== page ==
I owned the Sony A9, and although it is a fantastic camera that creates great results I did not really enjoy shooting with it. Menus are horrible etc….
      After I tried the X1D I was sold. Got first the silver version, sold it and got the black 4116. As the X1D is so portable, I use the HB not only for landscapes but also for street. Nice feature is that I can use my Leica lenses and focuspeaking if I really like to do this.

      Be aware that a X2D might be coming soon, but the advantage is that you can find some very good offers if you search the internet.
      Good luck with your decision

  3. I wasn’t reading this as a review: it seems to me a completely fascinating account of an evening out with a camera you both enjoyed. And the enjoyment comes across. Thank you both.

  4. Steve, You may wish ( or not ) try the Fuji GFX system. I looked hard at the X1D here in the UK but on every level the Fuji beats it. Better AF for a start. Traditional layout with ISO/Aperture/Time trilogy all with manual buttons. More ( and cheaper ) lenses.

    Everyone gets a connection with different cameras. I find it hard to bond with Sony cams – the menus and functions seem to “digital” to me. I grew up shooting film on Pentax and then Nikon FM and F2. Shooting GFX is a natural extension of that.

    For me the Hassy wants to be modern and “new’ with its design and function, but using it feels “old” in terms of tech because it is so slow and clunky. You kinda pick it up and expect an iphone experience. You see it and imagine it will be fast and modern and zippy. But you don’t get that. So it left me confused.

    Anyway. Each to their own and I am very happy that the X1D is clearly boosting your mojo and helping your creativity ! It is even bonding father and son ! That’s not a bad achievement for a camera.

    Happy shooting from England. We even have a heatwave here the last few weeks… 🙂

    • I have tried the GFX system , twice, and did not like it at all compared to the X1D. For starters, MUCH too large for what I do, and use cameras for. Second, low light performance is not nearly as good even though it uses the same sensor, and third, lenses are larger as well. I love the layout of the X1D, which I see as one of its strengths. In my four part review I talk about all of this. But I am not a fan of the GFX, and the X1D is one of my top two fave cameras of all time. Thank you.

  5. Steve, Thanks for the great review. My X1D is on its way from B&H as we speak and yes I used the website link. I’m looking forward to using the X1D as I really enjoy landscapes. I’m starting with the 45mm which I hope will hold me for at least a year. I understand that quite a few more lenses will be released by Hasselblad so I’m going to have a wait and see attitude while letting my credit card cool down from excessive heat this past week!

    I will keep my M9 as that is a great camera as well.

    Note: I expect the next version to be a X2D and not XD2 that you referenced in your video and text above. Thanks!

  6. I like that u and Brandon are hanging and doing stuff like this together. Very cool.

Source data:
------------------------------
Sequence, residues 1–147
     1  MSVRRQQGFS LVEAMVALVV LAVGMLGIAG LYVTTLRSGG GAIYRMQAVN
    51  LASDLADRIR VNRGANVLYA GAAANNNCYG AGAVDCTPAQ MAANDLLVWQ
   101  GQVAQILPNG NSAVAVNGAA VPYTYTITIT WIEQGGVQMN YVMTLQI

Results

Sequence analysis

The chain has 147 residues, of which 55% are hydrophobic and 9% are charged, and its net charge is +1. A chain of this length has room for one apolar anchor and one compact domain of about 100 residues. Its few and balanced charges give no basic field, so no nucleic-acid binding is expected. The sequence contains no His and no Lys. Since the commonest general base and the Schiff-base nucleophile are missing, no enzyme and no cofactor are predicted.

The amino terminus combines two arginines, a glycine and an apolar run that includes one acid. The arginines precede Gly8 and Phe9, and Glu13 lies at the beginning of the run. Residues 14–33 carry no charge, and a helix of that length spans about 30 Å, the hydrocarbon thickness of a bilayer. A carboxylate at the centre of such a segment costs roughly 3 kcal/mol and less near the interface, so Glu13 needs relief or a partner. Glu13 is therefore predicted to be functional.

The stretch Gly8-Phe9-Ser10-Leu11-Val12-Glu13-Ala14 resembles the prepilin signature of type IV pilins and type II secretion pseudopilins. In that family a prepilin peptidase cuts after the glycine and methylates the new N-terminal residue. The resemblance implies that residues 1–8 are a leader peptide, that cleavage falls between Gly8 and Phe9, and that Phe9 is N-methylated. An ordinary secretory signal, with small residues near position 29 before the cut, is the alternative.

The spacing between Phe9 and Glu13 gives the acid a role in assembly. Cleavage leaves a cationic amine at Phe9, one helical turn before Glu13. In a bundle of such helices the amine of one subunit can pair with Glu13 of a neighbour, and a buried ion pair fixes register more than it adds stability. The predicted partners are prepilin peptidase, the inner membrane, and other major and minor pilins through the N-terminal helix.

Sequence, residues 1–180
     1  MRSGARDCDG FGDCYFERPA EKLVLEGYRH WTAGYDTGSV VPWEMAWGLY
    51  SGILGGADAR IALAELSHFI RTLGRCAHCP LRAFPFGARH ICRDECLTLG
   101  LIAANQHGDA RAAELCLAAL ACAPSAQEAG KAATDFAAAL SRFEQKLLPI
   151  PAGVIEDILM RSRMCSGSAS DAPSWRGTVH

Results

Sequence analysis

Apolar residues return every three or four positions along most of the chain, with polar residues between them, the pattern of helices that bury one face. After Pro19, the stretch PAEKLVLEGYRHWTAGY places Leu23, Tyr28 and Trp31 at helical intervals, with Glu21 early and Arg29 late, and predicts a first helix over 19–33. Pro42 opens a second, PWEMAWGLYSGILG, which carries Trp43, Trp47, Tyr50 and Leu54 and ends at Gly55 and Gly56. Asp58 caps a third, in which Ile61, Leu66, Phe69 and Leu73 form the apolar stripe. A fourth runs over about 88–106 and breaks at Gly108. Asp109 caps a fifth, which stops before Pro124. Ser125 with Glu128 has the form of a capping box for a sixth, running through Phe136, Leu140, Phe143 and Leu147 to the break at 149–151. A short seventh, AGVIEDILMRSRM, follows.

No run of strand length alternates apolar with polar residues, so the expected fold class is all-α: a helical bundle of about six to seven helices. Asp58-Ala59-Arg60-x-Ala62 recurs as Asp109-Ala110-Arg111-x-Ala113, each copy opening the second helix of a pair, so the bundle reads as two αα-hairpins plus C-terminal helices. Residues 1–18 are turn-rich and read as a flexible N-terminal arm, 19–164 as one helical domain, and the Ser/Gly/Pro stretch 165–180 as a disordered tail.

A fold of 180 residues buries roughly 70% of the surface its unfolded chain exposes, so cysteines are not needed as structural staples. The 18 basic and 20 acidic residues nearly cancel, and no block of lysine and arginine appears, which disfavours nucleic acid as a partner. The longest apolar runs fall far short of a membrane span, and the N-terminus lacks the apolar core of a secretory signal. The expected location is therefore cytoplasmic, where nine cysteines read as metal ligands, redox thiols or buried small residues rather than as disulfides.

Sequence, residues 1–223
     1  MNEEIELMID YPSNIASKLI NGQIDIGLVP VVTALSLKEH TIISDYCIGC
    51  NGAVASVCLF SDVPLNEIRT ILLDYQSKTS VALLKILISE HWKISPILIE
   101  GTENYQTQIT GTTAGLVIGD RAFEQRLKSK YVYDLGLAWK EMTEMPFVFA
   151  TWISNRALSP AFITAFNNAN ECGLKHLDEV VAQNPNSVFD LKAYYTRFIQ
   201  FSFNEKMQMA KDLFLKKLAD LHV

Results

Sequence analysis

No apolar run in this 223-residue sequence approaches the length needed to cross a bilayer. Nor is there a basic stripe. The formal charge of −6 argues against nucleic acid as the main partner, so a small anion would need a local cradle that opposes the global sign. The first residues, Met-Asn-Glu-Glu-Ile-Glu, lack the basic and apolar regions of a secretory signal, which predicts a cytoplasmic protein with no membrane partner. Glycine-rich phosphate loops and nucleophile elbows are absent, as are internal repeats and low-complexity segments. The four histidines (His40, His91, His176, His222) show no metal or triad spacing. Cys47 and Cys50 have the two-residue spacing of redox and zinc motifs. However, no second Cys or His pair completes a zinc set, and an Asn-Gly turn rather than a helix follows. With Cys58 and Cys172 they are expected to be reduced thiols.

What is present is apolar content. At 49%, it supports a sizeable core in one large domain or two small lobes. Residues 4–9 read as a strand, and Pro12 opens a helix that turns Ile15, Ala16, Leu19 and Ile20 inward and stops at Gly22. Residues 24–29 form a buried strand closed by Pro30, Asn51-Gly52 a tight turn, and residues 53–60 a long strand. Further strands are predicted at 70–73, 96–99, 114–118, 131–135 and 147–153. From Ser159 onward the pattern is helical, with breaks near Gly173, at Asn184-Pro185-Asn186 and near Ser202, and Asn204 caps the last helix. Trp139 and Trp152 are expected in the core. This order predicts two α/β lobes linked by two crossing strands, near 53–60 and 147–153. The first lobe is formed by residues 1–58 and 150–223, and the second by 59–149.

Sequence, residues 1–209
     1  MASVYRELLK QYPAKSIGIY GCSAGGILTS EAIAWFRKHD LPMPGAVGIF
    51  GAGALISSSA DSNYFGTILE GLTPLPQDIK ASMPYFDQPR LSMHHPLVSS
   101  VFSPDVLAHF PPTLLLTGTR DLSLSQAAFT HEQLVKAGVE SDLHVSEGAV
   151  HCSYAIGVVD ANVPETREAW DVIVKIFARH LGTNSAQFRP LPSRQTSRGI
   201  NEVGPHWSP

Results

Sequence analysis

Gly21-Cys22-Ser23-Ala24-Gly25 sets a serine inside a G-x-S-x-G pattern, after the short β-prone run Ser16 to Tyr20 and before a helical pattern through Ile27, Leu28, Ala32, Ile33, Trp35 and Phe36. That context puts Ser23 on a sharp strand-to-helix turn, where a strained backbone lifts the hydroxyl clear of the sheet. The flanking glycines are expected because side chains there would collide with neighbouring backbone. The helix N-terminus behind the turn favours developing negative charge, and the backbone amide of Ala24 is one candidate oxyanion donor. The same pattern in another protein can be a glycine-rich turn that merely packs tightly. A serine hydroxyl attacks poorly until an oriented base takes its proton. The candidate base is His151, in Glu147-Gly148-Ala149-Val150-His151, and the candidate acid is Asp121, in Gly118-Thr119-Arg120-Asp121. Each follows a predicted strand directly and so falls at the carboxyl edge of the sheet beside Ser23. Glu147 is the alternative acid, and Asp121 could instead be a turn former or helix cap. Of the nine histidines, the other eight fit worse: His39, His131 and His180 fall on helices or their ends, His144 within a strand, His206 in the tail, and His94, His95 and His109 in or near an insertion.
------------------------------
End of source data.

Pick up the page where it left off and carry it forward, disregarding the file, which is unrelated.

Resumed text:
what film Minolta is he using? I happen to have a few…

  7. Loved watching this. I recently lost my Dad unexpectedly and way too early. We loved to go out and take photos together. Really nice to see you both doing this.

  8. I like the new FE mount Siggys at 1.4 on the Alphas for low light stuff. With the Alpha’s IBIS, I doubt you’d ever need to exceed 3200 or go slower than 1/100. The Blad feels more like a tool for landscapes and architecture.

  9. Thanks for the continuing followup on the X1D. You provide helpful insights into what it is like to use this camera – which probably is on the wish list of many of your readers. Even though my A9 probably best suits me for most of my shooting, I still keep entertaining the idea of getting the X1D. Back in the days of film, I briefly owned a used Rolliflex and loved the IQ so I know that medium format can deliver something special. My hesitation to purchase comes from uncertainty about how much I would use the X1D vs the A9. I can usually justify spending a lot of money on something but only if it will get a lot of use. Perhaps by the time I make up my mind, there will be an X2D which will push me over the edge and I’ll just dive in.

    • Thanks! Yes, I am sure an XD2 can not be too far away. Maybe a year or two. If they upgrade the EVF, battery, speed and keep the sensor at 50MP (I would not want this camera to be 100 MP) and price it at $5995 they would have a hit on their hands.

      • I think an H2D will end up with that 100mp sensor….which I think would destroy your ‘Jekyll and Hyde’analogy. A 100mp body would essentially turn it into a studio camera.

      • You are practicle like most of use Steve on the x2D when comes to pixels, I could not agree more with 50. But Hasselblad does not make their sensors and sounds like the next medium format from Sony will be 100 megi pixils and hope their not going to use this sensor over again in X2D, although it could be useful if they did on the cameras price. Being much lower.